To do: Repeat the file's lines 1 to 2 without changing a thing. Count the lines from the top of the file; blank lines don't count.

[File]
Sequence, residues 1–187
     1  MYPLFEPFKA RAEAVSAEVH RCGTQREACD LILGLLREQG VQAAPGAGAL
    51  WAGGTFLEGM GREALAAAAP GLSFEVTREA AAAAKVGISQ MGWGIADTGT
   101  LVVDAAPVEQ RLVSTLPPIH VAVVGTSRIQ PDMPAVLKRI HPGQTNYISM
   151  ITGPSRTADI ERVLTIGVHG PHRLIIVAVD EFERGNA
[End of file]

Sequence, residues 1–187
     1  MYPLFEPFKA RAEAVSAEVH RCGTQREACD LILGLLREQG VQAAPGAGAL